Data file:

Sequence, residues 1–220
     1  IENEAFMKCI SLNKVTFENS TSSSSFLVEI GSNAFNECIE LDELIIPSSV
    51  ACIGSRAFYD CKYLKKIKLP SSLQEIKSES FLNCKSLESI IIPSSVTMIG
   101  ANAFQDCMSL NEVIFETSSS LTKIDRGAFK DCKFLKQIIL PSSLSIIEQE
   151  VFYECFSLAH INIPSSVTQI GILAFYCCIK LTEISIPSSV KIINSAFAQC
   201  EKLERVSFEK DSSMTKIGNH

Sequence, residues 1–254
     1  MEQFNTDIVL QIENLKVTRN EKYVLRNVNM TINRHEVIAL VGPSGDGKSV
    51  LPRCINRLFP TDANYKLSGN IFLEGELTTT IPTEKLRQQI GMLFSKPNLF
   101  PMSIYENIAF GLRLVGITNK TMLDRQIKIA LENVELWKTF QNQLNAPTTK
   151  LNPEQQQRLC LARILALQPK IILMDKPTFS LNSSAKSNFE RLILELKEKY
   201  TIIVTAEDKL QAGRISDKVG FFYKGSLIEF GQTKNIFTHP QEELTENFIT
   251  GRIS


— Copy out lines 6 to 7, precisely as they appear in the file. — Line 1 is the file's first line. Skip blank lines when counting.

   201  EKLERVSFEK DSSMTKIGNH

Sequence, residues 1–254